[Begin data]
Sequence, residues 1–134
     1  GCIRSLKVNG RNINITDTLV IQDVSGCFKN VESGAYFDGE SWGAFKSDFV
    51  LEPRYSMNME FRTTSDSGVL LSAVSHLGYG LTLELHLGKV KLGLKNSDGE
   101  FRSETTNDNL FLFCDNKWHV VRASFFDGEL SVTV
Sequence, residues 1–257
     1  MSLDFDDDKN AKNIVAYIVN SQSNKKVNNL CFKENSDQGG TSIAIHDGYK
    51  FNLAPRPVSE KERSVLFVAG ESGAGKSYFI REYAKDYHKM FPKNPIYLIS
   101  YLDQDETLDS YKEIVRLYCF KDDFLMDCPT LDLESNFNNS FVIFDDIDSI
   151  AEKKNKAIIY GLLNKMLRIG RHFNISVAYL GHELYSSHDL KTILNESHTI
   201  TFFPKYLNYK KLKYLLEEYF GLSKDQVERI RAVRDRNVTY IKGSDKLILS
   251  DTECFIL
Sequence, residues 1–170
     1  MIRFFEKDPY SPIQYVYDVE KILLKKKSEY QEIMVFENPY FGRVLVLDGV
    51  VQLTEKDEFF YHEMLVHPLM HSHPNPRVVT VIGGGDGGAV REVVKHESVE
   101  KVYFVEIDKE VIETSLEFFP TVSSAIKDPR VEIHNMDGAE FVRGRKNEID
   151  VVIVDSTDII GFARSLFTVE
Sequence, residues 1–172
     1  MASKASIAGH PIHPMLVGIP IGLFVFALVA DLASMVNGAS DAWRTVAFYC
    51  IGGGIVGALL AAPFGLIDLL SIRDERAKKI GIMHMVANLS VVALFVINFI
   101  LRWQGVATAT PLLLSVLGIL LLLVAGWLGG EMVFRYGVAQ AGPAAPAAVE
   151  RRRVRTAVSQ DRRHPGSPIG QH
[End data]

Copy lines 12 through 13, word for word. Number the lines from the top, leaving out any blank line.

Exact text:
Sequence, residues 1–170
     1  MIRFFEKDPY SPIQYVYDVE KILLKKKSEY QEIMVFENPY FGRVLVLDGV